So I mentioned the other day that one of Hubby’s random picks from the library was a book called The Blue Cat of Castle Town by Catherine Cate Coblentz. Ever heard of her, or the book? Me neither.
This book has an interesting back story. The author wrote it in the 1940s after making a visit to a Castleton, Vermont, where she learned some early nineteenth-century local history. She learned about the carpenter who built a church altar at great personal expense; the pewterer whose teapots were true works of art; the weaver who made a rug with a picture of a blue cat on it, a rug which is now hanging in the Metropolitan Museum of Art. And she started wondering about those people, and especially about the blue cat. And she wove a story out of these disparate elements.
Now I have to say, the story feels like it was woven out of disparate elements. It doesn’t hang together well. It doesn’t have a tight plot: it’s episodic, there’s not a lot of action, and the separate characters don’t really interact with each other. The only thing that ties them together at all is the blue cat, who encounters them one by one. But that is okay, because the point of the story isn’t to create suspense. The point is to create a mood, a feeling, a sense of time and place. And that it does, in spades! The author was also a poet, and that comes through loud and clear. The story is one big prose poem. Here’s a taste:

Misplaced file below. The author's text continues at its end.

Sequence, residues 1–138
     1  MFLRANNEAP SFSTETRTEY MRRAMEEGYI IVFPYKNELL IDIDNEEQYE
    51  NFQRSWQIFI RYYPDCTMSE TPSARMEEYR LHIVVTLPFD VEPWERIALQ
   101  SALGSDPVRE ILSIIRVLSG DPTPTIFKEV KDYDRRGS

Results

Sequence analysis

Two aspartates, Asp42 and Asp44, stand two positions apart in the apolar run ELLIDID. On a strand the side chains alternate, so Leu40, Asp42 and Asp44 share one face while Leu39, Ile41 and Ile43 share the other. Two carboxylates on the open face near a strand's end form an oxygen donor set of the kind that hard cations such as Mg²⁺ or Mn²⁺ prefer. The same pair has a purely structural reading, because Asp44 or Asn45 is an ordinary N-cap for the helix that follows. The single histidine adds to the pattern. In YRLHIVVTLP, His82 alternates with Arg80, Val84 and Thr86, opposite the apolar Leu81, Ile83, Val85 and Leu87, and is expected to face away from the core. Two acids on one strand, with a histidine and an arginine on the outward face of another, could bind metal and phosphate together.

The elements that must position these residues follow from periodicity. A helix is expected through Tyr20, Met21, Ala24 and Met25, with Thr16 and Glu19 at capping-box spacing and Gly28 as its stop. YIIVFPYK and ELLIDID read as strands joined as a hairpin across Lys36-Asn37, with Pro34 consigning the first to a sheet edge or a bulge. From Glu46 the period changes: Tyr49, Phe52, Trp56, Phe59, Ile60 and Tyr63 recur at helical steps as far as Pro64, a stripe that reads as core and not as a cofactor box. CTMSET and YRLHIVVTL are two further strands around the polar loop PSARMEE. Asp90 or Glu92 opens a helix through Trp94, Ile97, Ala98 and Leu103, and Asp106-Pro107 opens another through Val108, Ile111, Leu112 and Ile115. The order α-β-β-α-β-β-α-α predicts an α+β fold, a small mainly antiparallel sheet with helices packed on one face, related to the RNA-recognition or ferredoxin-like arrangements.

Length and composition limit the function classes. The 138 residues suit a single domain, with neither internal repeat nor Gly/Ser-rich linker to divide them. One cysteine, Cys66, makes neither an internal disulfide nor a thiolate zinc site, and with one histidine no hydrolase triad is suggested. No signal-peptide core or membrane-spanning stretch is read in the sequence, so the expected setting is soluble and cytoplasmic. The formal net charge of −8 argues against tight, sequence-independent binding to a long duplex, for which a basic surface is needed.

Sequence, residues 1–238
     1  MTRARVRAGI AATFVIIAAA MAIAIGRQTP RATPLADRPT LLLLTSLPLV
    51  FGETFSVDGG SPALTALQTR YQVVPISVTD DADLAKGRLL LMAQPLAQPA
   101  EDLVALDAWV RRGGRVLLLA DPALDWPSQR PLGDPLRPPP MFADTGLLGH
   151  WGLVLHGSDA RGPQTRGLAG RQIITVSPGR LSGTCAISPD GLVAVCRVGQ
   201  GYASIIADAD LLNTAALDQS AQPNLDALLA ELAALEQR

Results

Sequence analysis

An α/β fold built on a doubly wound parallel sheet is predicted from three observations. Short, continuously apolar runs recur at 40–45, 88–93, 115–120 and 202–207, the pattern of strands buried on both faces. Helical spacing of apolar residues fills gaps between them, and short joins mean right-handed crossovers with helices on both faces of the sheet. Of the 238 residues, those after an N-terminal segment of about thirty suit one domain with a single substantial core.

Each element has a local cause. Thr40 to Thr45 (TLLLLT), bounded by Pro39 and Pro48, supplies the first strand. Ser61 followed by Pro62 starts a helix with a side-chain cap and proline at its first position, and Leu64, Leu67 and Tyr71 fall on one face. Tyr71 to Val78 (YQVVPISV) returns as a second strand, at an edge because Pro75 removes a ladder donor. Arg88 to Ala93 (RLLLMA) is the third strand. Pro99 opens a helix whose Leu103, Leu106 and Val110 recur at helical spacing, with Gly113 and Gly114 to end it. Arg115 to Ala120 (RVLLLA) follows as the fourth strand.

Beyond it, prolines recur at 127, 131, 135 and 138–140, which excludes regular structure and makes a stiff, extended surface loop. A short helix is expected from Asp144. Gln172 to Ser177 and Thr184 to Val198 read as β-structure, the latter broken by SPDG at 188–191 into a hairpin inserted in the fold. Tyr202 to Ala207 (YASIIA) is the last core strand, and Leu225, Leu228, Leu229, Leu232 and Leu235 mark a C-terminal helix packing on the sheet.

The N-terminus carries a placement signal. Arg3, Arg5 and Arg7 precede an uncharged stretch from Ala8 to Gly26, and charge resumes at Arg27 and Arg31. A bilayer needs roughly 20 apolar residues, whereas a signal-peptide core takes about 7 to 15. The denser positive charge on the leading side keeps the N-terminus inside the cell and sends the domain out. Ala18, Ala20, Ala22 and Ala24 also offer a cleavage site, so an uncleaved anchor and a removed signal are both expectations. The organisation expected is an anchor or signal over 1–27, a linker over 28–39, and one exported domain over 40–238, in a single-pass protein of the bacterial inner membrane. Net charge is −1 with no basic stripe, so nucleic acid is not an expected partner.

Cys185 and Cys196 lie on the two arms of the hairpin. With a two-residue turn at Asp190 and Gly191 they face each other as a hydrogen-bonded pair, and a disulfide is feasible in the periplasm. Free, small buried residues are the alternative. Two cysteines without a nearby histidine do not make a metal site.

He meant to listen very carefully. But the voice of the river was gentle and slow. The cat settled down and closed his eyes so the light of the blue moon on the waters should not distract him. And almost at once he began to sink deeper and deeper into the dark velvet softness of a kitten’s sleep.
But the river was too busy telling its secrets to notice.
The story does feel dated. The religious overtones are not subtle, and it’s quite preachy in an old-fashioned “well begun is half done” and “idle hands are the devil’s playground” kind of way. And you get things like the mother cat cuffing her kitten because she’s feeling “cross,” which the author mentions off-handedly, in a manner that would not go over well today. These things, though, I can live with. When a book reads like a big prose poem I can forgive a lot. I’m not a big reader of children’s books, and I am especially not a big reader of children’s books that feature talking animals, but I must admit I’m intrigued by this writer. She wrote several other books, including historical fiction about a group of pilgrims. I’ll be on the lookout.